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Title: The influence of diet on iron, copper, zinc, growth and development in children under 24 months
Author: Wallis-Redworth, Edward
ISNI:       0000 0001 3557 5830
Awarding Body: University of Surrey
Current Institution: University of Surrey
Date of Award: 2003
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The weaning period is a time when children are at risk of developing iron deficiency anaemia. The COMA Report (Department of Health, 1994) recommends dietary and nutritional information be available for the first two years of life. The main aim of this research was to provide information regarding quality and provision of dietary iron, zinc and copper for this period, the effect these had on biochemical and haematological markers, growth and development. The study also aimed to identify the role red meat has in providing dietary iron in comparison to white meat and non-meat diets. 193 subjects were recruited from within Surrey, Hampshire and London boroughs of Chiswick, Brentford and Houslow. Subjects were allocated to one of five dietary groups dependent on the type and amount of meats consumed. Dietary assessment, using 7-day weighed records, and anthropometric measurements were undertaken at four monthly intervals, biochemical and haematological measurements were assessed on three occasions. Psychomotor assessment was completed at 20 months of age. Analysis of dietary intake results showed significant differences for a range of nutrients (energy, protein, and folate) at different ages and within different dietary groups. Whilst no significant differences for zinc intakes were seen between dietary groups, iron intakes in the mixed meat groups and the non-meat groups were significantly different from 16 months of age onwards. Copper intakes at 24 months were highly significantly different between non-meat and mixed meat groups. Anthropometric results highlighted differences in weight growth velocities and z-scores between birth and 4 months of age within mixed meat groups and Ponderal Index scores were significantly different at 8 months of age within mixed meat groups. No statistically significant difference in haematology, biochemistry parameters or psychomotor development was identified between groups. This study has provided detailed information on the dietary intakes of children under 2 years of age. This study has not identified that inclusion of meat in the diet leads to enhanced iron status or reduction in the incidence of IDA in children under 2 years old. No negative effect on growth and psychomotor development was seen at 20 months of age in children who consumed no meat in their diet.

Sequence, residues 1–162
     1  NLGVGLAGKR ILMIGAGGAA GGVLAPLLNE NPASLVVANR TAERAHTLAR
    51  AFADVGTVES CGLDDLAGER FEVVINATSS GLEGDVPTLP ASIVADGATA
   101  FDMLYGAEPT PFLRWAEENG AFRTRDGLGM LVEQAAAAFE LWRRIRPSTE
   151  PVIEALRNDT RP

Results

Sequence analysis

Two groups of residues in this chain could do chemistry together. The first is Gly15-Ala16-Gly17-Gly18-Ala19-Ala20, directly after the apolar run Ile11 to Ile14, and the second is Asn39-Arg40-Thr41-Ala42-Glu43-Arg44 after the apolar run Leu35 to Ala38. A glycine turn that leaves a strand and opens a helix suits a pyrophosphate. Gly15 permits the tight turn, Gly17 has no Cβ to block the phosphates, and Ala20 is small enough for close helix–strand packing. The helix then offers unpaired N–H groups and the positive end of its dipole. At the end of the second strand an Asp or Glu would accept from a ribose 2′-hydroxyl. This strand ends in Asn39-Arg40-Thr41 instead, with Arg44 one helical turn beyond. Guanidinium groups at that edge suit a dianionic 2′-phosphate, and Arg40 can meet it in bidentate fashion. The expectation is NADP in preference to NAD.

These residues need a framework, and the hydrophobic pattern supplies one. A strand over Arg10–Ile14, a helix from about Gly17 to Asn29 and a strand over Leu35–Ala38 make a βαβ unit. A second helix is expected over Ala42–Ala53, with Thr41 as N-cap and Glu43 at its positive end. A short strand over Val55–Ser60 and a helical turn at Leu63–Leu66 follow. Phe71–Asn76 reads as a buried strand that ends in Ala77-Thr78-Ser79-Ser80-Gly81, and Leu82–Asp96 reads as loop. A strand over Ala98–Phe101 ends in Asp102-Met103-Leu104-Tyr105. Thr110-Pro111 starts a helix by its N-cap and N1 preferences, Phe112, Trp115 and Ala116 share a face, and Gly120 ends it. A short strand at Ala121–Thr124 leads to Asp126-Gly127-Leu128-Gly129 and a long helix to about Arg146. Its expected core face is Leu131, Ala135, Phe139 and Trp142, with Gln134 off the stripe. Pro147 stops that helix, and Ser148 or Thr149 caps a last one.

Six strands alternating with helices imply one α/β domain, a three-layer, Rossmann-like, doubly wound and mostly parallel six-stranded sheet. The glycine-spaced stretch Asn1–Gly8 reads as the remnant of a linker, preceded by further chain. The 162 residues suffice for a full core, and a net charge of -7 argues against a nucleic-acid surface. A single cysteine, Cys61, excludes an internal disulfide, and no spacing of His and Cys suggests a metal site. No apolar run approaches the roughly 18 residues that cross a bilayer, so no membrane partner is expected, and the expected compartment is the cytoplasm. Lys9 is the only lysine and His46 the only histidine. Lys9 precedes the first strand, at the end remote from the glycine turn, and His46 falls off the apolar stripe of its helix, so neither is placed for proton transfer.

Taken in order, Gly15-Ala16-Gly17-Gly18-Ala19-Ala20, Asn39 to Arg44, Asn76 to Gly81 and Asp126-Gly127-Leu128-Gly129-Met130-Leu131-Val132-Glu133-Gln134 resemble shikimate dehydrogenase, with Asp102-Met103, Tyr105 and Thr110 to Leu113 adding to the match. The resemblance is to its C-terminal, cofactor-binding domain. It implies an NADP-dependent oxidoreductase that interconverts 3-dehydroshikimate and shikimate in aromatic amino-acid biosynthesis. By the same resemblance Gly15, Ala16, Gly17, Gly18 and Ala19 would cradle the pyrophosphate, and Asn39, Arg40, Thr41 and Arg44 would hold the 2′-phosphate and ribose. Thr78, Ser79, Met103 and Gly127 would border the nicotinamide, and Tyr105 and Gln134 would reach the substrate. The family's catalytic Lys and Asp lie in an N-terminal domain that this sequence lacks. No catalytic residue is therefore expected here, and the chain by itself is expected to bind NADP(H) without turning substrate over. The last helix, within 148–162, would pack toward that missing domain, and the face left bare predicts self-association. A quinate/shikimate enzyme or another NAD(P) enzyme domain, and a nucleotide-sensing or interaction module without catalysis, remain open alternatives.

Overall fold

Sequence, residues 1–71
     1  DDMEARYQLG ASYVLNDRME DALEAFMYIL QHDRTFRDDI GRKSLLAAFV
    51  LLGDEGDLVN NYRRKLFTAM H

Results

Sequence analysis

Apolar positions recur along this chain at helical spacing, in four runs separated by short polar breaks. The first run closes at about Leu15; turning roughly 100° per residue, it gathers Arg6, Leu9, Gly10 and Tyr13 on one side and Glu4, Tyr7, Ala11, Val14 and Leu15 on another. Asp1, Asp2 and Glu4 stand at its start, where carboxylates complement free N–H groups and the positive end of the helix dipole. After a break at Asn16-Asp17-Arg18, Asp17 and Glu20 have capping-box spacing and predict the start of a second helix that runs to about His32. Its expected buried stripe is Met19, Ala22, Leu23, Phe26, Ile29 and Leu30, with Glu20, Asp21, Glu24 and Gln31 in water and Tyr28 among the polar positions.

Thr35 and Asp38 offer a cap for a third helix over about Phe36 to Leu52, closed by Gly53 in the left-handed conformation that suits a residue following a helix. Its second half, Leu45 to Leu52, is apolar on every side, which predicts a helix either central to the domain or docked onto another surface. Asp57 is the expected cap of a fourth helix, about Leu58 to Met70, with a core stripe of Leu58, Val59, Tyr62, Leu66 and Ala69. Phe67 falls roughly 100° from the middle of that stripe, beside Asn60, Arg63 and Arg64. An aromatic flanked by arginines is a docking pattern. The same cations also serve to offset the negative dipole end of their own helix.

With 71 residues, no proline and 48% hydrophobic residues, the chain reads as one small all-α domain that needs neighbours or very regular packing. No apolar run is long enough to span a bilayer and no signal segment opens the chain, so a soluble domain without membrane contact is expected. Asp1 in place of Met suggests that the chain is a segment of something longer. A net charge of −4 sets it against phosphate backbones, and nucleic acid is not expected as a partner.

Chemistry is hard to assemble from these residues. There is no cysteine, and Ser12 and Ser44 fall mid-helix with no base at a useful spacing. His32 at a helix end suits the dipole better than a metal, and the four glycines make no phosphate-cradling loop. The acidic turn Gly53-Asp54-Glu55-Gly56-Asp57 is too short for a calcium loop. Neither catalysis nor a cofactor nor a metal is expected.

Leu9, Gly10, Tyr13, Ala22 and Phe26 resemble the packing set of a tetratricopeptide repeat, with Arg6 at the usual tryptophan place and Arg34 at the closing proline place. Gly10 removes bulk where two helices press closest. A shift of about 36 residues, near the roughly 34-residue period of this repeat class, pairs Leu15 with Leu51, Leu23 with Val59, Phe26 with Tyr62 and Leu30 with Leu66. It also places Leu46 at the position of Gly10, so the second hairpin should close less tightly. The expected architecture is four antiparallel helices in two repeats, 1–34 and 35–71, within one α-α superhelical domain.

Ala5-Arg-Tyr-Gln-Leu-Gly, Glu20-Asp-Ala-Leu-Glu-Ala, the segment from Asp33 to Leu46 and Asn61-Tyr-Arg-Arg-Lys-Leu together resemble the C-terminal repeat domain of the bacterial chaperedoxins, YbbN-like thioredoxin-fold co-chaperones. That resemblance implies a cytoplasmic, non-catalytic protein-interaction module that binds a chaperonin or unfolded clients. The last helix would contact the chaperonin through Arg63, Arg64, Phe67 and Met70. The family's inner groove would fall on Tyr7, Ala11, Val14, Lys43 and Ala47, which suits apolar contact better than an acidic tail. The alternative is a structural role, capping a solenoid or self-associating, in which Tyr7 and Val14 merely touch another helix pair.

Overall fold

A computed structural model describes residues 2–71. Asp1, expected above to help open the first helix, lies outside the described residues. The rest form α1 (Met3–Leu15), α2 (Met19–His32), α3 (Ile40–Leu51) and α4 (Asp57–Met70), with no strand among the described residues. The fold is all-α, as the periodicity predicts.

Supervisor: Not available Sponsor: Not available
Qualification Name: Thesis (Ph.D.) Qualification Level: Doctoral
EThOS ID:  DOI: Not available
Keywords: Physiology